Question: My 8-year-old daughter has been making comments lately that she is “too fat.” Her weight is just fine, and her pediatrician and I have told her that. But she makes comments about needing to lose weight and how she shouldn’t eat anything that would make her “fatter.”
So many girls do end up with eating disorders and I am worried. How should I handle this?
Answer: Isn’t it too bad that little girls – or boys, for that matter – worry about being too fat at the tender age of 8?
Talk about social pressure. That pressure is primarily geared toward young women.
The best response that a mom or dad can make to an 8-year-old is, “Honey, you look fine to me, but it’s your call.”
You’re putting the proverbial tennis ball of life on her court.
What you can’t do is run the risk of overreacting to it. Most parents would come up with something like, “Melissa, why would you say something like that? You have a lovely, cute little shape.”
Don’t do that. Don’t deny the child’s self-perception, but don’t pay it off, either.
In other words, “Honey, if you want to feel that way, you go right ahead. But I have to tell you the truth. It doesn’t look like that to me.”
That has a sense of balance in the response. If you tend to overreact, you’re going to make that situation worse.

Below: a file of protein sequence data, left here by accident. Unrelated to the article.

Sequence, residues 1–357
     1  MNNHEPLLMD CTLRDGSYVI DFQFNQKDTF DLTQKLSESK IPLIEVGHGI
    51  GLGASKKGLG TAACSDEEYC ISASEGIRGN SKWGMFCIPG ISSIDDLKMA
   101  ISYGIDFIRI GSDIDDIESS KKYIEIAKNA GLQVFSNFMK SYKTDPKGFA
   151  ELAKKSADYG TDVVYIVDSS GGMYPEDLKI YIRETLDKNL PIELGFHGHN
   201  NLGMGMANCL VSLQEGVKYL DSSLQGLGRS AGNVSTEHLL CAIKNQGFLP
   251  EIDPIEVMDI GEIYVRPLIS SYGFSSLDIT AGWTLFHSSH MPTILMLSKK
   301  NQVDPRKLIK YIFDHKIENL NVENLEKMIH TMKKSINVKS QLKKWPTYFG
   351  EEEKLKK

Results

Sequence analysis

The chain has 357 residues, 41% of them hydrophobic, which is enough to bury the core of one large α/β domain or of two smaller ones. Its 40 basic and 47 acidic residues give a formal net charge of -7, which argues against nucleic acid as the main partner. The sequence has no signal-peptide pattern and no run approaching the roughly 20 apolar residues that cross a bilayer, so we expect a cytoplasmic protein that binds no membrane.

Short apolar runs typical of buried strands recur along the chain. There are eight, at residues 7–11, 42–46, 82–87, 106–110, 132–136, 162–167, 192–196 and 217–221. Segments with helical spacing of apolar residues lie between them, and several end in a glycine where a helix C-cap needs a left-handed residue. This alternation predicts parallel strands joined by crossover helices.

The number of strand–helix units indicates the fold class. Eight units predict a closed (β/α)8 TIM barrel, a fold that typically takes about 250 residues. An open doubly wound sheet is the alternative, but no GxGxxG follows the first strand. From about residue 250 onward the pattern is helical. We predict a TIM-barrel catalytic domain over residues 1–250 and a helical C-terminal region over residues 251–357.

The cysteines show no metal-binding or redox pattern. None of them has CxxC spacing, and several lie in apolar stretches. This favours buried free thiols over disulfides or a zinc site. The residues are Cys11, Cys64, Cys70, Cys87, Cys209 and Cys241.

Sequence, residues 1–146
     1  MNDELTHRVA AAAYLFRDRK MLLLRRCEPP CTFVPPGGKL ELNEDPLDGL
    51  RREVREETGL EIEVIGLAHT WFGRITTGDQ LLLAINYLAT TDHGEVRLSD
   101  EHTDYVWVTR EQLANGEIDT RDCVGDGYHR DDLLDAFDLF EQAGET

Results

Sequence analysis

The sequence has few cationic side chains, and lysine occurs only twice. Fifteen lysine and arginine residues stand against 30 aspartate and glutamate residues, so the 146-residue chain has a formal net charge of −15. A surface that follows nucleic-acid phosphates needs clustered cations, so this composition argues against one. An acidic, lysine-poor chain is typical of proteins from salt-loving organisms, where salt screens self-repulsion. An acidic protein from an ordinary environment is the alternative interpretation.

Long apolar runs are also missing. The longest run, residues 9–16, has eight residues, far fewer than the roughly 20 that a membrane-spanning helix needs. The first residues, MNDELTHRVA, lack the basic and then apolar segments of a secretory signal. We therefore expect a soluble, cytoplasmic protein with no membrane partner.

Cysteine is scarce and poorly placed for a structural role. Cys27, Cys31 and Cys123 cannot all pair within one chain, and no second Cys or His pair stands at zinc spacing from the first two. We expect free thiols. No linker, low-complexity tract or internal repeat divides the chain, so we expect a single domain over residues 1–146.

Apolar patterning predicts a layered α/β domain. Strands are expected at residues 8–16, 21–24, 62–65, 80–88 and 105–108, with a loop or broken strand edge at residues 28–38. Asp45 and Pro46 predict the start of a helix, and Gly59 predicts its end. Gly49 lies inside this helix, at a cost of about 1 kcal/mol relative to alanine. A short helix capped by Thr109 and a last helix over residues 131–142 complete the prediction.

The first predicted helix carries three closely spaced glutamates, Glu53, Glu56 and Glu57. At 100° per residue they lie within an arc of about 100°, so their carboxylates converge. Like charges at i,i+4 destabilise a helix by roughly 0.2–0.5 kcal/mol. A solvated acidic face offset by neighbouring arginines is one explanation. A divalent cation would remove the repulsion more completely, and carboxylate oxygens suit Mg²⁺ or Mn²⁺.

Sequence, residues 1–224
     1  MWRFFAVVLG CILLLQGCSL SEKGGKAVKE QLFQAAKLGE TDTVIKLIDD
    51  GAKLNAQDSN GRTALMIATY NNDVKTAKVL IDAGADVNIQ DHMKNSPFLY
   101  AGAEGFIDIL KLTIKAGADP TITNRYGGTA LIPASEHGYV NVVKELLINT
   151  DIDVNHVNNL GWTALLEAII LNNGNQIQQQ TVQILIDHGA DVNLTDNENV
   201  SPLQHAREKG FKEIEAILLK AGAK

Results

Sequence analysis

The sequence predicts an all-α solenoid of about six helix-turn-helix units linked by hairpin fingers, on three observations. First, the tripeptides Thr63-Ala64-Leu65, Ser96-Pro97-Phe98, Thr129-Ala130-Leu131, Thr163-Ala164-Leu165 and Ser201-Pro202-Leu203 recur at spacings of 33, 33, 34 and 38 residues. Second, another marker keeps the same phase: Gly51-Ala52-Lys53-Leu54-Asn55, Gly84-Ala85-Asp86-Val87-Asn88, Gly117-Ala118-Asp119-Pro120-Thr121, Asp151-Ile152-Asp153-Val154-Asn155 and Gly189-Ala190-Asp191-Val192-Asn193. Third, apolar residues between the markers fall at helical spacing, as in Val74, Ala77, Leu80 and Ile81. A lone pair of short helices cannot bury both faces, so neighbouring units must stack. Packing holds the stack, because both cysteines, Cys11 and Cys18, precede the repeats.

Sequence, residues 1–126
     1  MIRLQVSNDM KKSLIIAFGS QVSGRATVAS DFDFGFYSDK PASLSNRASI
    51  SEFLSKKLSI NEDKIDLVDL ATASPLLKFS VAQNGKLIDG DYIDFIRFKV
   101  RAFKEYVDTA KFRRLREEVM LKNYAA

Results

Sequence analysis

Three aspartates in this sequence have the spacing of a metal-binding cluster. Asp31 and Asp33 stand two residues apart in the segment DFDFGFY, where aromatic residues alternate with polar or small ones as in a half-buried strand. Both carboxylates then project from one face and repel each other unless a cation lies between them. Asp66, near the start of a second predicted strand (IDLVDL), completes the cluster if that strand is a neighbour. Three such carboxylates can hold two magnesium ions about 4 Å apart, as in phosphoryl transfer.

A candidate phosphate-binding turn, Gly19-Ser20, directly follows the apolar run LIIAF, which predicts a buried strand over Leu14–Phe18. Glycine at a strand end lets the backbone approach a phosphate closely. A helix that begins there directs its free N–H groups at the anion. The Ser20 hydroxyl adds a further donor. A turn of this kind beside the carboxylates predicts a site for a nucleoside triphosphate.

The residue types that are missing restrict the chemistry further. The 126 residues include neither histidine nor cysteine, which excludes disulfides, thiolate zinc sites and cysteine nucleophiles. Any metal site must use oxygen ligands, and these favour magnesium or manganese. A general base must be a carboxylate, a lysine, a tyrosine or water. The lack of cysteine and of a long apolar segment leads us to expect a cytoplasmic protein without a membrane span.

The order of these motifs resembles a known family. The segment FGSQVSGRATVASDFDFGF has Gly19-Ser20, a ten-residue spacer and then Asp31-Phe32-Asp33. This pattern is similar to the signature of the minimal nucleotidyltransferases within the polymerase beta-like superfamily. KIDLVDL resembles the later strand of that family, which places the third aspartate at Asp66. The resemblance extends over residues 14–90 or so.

If your child continues to feel this way, it is worth a call to the pediatrician.
We see a plethora of cases of anorexia nervosa, where kids have myopic views.
The theme in that tragic disorder is perfectionism.
Don’t be a flaw picker, parents. When kids do well, tell them they did well. Say, “I’ll bet you’re proud of your effort.”
But don’t overdo things. Don’t be like most parents and hold that carrot out there, hoping they’ll jump a little higher.
If you create that scenario in your home, you will regret it.
Just a quick note about general nutrition. Kids do get obese. Kids are among the most out-of-shape generation in our history.
A reminder to every parent: You’re the one that brings the junk home, so be careful about what you bring home from the store.
If you have nutritious snacks around that aren’t laden with sugar and calories, chances are your child will do just fine.
Dr. Kevin Leman is a Tucson psychologist and author of more than 30 best-selling books, including “Have a New Kid by Friday.” E-mail questions to him at firstname.lastname@example.org. Photo by Tom Spitz Photography